Book Review: Mastering Red Hat Linux 9

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Josef Schwarz studies Telecommunication Engineering at the Salzburg University for Applied Sciences and Technologies, Austria. Starting with July he will do a placement with BTExact Technologies in Ipswich, U.K., investigating Overlay Networks.

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This article is a book review about:
Jang, Michael (2003) Mastering Red Hat Linux 9. Sybex, USA Everything you need to know to use Red Hat Linux as a server or desktop OS

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At first glance

Nearly four pound Linux knowledge in paperback, comprising 976 pages, quite impressive for my bookshelf. The author tries to address both the Linux newbie and the administrator. In the beginning I wasn't really sure if this is a good approach, due to the fact that especially in the first chapters also very simple and basic issues are explained in a very detailed way.
The book is delivered with two CDs containing a publisher's edition of Red Hat (not all packages are included).

Overview and structure


Part 1 - Installing Red Hat Linux
Chapter 1 - Introducing Red Hat Linux
Chapter 2 - Preparing Your Hardware
Chapter 3 - Installing Linux Locally
Chapter 4 - Installing Linux Over a Network
Chapter 5 - Kickstarting Linux

Part 2 - Linux Fundamentals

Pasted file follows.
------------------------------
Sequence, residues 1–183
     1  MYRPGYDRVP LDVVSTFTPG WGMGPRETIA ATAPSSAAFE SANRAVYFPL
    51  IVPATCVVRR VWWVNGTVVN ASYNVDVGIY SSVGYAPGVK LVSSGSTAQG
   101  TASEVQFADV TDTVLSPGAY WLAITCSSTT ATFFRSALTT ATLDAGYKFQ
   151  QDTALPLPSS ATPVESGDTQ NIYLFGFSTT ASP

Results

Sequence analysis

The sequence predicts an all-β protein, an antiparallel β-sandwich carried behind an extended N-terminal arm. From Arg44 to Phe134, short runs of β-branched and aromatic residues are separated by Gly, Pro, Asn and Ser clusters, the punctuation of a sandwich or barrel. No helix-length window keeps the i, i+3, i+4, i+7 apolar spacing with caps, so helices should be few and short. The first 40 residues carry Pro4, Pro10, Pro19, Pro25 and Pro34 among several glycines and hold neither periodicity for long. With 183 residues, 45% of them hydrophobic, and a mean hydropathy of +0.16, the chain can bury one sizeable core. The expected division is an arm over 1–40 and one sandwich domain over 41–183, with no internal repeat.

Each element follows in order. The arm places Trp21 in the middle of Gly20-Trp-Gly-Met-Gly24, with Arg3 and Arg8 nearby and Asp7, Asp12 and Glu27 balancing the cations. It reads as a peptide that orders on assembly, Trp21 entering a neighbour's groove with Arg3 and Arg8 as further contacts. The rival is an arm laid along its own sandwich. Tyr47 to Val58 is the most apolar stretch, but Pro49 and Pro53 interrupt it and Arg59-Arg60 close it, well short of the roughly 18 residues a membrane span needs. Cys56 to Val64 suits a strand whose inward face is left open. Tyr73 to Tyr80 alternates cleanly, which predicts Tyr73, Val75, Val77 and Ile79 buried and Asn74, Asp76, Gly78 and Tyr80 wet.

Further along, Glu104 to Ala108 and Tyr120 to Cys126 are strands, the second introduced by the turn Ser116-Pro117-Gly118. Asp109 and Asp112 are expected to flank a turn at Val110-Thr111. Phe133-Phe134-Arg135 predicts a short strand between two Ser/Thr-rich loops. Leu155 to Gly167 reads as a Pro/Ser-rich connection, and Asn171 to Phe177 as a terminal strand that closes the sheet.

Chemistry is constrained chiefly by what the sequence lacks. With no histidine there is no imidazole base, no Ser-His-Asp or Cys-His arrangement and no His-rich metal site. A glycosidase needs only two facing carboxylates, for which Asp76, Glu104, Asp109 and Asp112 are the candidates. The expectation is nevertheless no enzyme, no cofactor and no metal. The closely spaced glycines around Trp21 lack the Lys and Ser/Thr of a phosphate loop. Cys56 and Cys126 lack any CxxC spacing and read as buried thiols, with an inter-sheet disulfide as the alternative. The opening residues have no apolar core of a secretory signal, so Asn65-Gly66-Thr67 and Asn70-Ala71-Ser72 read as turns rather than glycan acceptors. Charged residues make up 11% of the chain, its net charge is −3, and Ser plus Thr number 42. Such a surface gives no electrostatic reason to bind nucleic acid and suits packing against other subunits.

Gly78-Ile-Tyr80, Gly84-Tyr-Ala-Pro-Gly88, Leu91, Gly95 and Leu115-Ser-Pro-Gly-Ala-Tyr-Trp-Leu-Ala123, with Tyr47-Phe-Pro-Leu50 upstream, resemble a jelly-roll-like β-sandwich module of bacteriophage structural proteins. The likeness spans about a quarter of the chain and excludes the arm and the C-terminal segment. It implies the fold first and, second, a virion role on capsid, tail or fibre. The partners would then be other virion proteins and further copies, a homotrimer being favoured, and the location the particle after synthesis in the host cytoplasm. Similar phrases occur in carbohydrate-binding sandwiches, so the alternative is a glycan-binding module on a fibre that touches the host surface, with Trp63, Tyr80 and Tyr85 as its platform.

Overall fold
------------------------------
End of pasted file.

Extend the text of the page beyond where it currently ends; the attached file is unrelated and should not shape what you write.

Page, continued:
Chapter 6 - Starting at the Command Line
Chapter 7 - A Filesystem Primer
Chapter 8 - Making the Shell Work for You

Part 3 - Basic Linux Administration
Chapter 9 - Administering Users and Groups Securely
Chapter 10 - Managing Packages with RPM
Chapter 11 - Configuring and Troubleshooting the Boot Process
Chapter 12 - Upgrading and Recompiling Kernels
Chapter 13 - The Administrative Nitty-Gritty
Chapter 14 - Backing Up Your System

Part 4 - X Window Management
Chapter 15 - Managing X Servers and X Clients
Chapter 16 - GNOME
Chapter 17 - KDE
Chapter 18 - GUI Applications
Chapter 19 - Red Hat Graphical Front Ends

Part 5 - Basic Linux Networking
Chapter 20 - A TCP/IP Primer
Chapter 21 - Managing Linux on Your LAN
Chapter 22 - Securing Your Linux Network

Part 6 - Linux Network Services
Chapter 23 - Remote Access and xinetd Services
Chapter 24 - DNS and DHCP
Chapter 25 - Printing with CUPS and LPD
Chapter 26 - Mail Services

Part 7 - Linux File-Sharing Services
Chapter 27 - FTP Clients and Servers
Chapter 28 - Linux Sharing Services: NFS and NIS
Chapter 29 - Making Samba Work for You
Chapter 30 - Web Services

Appendix - Linux Command Reference